Genie in German means, funnily enough, a genius.
And while when you start learning German, you kind of wish you had a genie or that you were a genius so that you can speak fluently all of a sudden, it doesn’t work that way.
No, nothing works that way.
It takes hard work and dedication, day in and day out, to actually be good at something. This week I found out that I have spent 800+ hours learning German. That’s only the hours I spent at language schools by the way, and not the hours I slaved away learning the different articles and cases by myself. The hours spent talking to my husband, his family, the cashiers at the supermarket, yes, all in German, don’t count either. But I’m guessing I’ve clocked in a total of about 2,000 hours or more, what with reading books, listening to the radio and spouting out some sort of German to my friends at design school.
Anyway, this is just my experience in learning Deutsch. It’s different for everyone, I mean if you really are a genius or have a photographic memory, then 6 months is probably enough. But on average, it takes about 1,000 hours, and how much you actually learn in an hour.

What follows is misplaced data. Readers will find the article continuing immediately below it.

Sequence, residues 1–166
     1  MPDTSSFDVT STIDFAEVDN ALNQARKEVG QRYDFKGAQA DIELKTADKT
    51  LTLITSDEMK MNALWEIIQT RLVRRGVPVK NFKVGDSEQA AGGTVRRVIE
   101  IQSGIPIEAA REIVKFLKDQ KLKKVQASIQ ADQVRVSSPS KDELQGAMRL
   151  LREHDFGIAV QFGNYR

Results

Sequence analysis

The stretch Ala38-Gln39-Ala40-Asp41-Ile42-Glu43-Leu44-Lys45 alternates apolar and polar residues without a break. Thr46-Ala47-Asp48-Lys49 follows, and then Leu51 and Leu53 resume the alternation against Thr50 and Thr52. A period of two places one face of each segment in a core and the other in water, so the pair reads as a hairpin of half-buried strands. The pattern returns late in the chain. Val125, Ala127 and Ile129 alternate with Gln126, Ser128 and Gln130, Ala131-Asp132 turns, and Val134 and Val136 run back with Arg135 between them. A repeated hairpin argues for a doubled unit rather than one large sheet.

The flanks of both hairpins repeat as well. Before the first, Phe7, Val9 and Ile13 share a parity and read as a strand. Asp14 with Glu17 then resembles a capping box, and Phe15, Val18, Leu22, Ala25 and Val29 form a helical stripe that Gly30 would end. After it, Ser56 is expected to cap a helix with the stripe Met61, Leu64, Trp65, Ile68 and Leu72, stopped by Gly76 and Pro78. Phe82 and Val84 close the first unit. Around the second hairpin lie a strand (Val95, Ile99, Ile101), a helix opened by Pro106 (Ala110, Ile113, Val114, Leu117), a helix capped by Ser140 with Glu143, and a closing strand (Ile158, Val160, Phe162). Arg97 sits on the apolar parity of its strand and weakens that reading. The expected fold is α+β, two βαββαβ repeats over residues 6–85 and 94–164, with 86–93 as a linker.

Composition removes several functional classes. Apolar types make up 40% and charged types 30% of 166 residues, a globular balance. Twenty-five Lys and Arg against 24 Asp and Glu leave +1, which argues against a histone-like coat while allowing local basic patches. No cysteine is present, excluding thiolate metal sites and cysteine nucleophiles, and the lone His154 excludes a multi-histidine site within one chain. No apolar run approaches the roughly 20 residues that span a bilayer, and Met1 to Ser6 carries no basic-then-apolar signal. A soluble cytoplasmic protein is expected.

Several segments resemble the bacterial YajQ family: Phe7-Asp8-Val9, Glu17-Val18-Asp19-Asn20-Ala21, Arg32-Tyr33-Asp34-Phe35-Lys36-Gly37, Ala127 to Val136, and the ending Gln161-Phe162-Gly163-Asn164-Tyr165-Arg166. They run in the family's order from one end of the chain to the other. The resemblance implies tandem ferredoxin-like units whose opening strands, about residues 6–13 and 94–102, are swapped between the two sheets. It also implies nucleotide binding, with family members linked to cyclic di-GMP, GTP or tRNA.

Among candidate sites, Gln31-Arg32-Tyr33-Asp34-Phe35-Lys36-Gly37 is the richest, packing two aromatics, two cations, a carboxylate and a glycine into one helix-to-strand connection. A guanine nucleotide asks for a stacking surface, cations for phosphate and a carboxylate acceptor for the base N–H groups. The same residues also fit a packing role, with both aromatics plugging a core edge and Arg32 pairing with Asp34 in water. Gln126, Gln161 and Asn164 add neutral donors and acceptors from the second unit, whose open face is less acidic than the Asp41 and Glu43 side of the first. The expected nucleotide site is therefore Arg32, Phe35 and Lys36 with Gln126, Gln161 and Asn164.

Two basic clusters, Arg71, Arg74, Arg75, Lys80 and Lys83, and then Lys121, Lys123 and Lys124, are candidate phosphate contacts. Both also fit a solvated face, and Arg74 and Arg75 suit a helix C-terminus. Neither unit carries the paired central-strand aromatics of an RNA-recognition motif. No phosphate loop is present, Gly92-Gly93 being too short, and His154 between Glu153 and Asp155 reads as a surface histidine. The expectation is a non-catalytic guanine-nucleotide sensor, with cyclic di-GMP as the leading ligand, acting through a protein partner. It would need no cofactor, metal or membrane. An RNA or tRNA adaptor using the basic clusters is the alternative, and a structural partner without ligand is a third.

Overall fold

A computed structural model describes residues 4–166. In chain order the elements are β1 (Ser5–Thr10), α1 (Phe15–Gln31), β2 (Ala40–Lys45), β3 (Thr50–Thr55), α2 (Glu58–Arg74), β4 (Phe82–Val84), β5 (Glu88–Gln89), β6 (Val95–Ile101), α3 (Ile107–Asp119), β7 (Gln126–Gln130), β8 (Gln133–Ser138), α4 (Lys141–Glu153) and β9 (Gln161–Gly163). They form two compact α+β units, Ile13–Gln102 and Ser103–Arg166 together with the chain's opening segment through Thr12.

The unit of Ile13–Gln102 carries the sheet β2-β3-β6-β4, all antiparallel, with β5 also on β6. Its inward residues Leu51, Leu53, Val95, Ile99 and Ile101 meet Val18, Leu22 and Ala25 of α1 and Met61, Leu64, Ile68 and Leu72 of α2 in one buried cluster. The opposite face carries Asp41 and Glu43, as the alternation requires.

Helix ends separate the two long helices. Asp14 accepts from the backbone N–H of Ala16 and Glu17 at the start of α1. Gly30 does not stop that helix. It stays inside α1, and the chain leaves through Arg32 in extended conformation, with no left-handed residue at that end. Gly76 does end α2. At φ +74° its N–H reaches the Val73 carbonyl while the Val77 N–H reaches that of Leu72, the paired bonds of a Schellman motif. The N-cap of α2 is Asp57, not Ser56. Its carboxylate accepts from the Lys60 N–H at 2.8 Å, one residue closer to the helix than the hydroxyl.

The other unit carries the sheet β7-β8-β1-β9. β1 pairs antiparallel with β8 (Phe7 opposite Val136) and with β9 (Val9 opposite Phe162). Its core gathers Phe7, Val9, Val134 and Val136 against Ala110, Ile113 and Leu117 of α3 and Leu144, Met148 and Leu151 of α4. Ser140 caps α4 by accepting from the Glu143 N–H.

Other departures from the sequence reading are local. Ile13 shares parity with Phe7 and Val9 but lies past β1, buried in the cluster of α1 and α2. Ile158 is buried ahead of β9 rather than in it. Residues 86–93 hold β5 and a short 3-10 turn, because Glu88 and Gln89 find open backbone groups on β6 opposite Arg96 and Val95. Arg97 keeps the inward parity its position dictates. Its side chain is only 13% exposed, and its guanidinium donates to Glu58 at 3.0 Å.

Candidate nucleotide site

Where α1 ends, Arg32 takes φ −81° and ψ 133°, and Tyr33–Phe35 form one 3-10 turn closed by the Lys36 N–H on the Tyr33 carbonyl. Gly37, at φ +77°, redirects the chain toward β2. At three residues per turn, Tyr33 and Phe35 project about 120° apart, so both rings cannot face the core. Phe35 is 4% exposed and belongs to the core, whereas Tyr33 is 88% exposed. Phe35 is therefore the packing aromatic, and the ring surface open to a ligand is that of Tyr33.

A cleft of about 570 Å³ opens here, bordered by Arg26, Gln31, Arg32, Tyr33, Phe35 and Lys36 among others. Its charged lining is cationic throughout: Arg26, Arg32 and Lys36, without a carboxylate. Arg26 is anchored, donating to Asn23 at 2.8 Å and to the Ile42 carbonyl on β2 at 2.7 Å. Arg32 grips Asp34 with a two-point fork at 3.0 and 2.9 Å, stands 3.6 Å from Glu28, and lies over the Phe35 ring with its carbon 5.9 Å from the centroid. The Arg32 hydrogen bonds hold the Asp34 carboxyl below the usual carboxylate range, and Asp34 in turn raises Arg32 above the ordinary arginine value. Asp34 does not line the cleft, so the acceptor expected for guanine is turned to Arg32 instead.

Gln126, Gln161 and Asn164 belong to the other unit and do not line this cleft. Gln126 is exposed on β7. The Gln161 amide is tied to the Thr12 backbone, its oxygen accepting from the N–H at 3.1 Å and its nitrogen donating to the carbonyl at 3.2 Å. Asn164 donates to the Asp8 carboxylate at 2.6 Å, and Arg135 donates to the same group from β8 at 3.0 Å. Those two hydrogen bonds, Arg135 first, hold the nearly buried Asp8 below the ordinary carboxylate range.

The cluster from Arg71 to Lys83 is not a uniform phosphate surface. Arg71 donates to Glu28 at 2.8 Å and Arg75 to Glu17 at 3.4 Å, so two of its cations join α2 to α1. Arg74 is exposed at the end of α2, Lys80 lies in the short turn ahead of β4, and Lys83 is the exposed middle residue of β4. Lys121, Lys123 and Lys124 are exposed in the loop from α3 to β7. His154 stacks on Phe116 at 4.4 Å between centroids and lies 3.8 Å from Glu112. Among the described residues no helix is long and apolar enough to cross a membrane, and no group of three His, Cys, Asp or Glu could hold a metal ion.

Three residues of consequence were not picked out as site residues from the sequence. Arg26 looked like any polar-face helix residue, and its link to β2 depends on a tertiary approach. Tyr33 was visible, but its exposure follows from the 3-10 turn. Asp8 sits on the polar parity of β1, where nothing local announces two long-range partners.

In upcoming posts, I would like to share my Telc C1 Deutsch Hochschule exam experience, because I haven’t read any on the internet and I think it will be really helpful. I will write about the test format and the maximum points for each, as well as my experience attending an exam preparation course and where I did the exam itself.
Lastly, I just want to say to anyone who is starting something, like moving to a new country, learning a new language or starting their own business, that it’s going to be okay. A lot of things are probably uncertain and it’s going to be very hard, but hang in there. With hard work, dedication and a prayer, you can reach more than what a genie (or a genius) can ever grant you.